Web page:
PowerSync Philosophy

Our vision is that a local-first or offline-first app architecture should be easier for the developer than cloud-first, and give a better experience for the end-user — even when they're online.

What PowerSync means for end-users

The app just works, whether fully online, fully offline, or with spotty connectivity.

The app is always fast and responsive — no need to wait for network requests.

What PowerSync means for the developer

For the developer, the goal of PowerSync is to solve the hard problems of keeping data in sync, then get out of the way.

You use a standard Postgres [1] database on the server, a standard SQLite database on the client, and your own backend to process writes. PowerSync simply keeps the SQLite database in sync with your Postgres database.

State Management

Once you have a local SQLite database that is always in sync, state management becomes much easier:

  • No need for custom caching logic, whether in-memory or persisted.

  • No need for maintaining in-memory state across the application.

All state is in the local database. Queries are reactive — updating whenever the underlying data changes.


PowerSync allows you to fully customize what data is synced to the client. Syncing the entire database is extremely simple, but it is just as easy to use our sync rules to transform and filter data for each client (dynamic partial replication).

Writing back to the backend is in full control of the developer — use your own authentication, validation, and constraints.

Our goal is also to be stack-agnostic: whether you are switching from MySQL to Postgres, from Flutter to React Native, or using multiple different stacks — our aim is to maintain maximum engineering optionality for developers.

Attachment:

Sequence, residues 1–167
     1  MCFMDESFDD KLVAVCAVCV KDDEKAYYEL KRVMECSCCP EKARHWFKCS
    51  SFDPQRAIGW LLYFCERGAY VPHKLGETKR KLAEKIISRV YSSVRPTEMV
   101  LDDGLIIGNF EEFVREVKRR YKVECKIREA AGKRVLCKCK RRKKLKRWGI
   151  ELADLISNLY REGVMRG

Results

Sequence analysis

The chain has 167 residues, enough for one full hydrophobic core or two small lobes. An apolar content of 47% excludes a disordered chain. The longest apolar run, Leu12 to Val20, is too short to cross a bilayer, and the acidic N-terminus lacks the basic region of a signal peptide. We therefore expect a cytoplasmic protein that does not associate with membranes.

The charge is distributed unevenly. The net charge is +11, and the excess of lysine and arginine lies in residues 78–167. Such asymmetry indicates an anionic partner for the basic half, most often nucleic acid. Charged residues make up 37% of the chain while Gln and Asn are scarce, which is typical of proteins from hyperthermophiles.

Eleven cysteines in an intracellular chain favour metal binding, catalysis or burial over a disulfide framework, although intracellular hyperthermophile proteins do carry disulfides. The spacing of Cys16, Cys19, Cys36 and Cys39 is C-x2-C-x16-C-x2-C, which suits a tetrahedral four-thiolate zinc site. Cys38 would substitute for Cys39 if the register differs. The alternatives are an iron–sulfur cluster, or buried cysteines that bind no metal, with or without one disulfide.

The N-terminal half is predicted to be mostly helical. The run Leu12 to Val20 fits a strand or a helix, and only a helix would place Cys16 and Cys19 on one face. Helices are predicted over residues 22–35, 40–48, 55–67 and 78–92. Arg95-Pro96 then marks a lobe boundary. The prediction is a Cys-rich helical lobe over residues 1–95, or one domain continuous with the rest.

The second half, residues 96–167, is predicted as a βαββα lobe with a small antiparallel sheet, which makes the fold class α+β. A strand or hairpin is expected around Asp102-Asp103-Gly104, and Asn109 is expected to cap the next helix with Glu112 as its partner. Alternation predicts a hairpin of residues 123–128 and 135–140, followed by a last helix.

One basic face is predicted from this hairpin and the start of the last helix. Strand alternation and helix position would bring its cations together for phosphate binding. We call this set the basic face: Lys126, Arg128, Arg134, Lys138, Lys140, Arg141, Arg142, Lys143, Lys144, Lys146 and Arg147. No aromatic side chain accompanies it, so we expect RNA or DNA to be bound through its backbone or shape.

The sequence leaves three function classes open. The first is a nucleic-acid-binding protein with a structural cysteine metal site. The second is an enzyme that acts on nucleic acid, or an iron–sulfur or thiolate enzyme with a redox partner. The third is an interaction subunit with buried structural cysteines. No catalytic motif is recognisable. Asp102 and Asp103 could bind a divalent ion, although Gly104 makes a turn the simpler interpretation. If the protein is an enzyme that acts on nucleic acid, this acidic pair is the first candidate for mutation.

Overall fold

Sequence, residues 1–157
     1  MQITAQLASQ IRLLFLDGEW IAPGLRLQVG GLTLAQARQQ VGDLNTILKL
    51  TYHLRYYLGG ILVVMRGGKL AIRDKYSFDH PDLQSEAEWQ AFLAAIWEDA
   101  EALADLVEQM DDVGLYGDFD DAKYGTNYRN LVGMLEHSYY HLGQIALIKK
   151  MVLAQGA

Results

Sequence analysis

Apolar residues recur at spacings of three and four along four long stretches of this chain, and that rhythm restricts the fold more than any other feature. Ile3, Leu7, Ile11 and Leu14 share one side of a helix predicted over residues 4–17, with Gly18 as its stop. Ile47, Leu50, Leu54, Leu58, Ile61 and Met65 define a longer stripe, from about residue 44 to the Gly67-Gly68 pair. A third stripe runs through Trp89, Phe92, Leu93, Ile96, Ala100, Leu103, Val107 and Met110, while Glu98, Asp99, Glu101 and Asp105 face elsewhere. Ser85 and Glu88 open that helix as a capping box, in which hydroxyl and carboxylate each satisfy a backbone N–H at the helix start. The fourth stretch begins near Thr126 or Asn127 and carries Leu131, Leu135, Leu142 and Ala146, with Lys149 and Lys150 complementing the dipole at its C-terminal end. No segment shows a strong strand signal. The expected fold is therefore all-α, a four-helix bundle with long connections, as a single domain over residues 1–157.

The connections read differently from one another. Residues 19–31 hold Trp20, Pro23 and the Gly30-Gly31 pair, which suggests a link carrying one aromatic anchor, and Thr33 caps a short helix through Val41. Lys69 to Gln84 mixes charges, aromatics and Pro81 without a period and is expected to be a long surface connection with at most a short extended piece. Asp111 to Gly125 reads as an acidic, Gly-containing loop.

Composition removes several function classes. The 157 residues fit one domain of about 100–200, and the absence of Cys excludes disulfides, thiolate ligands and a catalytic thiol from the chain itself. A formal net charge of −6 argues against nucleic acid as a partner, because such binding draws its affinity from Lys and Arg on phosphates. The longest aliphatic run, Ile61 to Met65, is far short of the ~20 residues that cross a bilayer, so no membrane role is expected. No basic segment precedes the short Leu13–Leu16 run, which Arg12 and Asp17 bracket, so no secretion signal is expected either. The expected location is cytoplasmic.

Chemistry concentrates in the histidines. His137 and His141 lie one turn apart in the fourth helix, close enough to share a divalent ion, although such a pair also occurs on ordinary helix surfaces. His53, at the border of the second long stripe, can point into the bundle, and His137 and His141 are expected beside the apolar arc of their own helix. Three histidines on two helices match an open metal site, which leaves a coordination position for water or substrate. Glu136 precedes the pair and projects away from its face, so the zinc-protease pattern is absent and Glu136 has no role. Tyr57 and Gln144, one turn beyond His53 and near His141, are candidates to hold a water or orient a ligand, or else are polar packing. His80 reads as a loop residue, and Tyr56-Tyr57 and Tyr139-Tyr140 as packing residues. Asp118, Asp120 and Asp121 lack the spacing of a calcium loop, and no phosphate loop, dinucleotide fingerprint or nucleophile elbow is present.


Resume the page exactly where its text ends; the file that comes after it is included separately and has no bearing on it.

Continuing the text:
SQLite is fast. It can perform tens of thousands of updates per second, even faster reads, with seamless support for concurrent reads. Once you get to filtering through thousands of rows in queries, indexes keep the queries fast.


You use plain Postgres on the server — no extensions, and no significant change in your schema required [2]. We use the Postgres WAL to replicate changes to the PowerSync Service, where data is transformed and partitioned according to sync rules, and persisted in a way that allows streaming incremental changes to each client.

PowerSync has been used in apps with hundreds of tables. There are no complex migrations to run: You define your sync rules and client-side schema, and the data is automatically kept in sync. If you change sync rules, the entire new set of data is applied atomically on the client. When you do need to make schema changes on the server while still supporting older clients, we have the processes in place to do that without hassle.

No need for CRDTs [3]. PowerSync is a server <-> client sync platform — since no peer-to-peer is involved, CRDTs can be overkill. Instead, we use a server reconciliation architecture with a default approach of "last write wins", with capability to customize the conflict resolution if required — the developer is in full control of the write process. Our strong consistency guarantees give you peace of mind for the integrity of data on the client.

See Also


  • [1] Support for more databases planned.

  • [2] In some cases denormalization is required to effectively partition the data to sync to different users.

  • [3] If you want to use CRDTs for fine-grained collaboration like text editing, we have examples of how to do that in conjunction with PowerSync, storing CRDT data in Postgres.

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